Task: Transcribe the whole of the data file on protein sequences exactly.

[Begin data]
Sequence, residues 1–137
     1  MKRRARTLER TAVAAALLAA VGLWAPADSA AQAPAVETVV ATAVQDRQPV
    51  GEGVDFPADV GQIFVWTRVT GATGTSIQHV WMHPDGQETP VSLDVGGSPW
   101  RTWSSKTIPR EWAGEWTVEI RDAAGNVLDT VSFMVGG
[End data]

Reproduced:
Sequence, residues 1–137
     1  MKRRARTLER TAVAAALLAA VGLWAPADSA AQAPAVETVV ATAVQDRQPV
    51  GEGVDFPADV GQIFVWTRVT GATGTSIQHV WMHPDGQETP VSLDVGGSPW
   101  RTWSSKTIPR EWAGEWTVEI RDAAGNVLDT VSFMVGG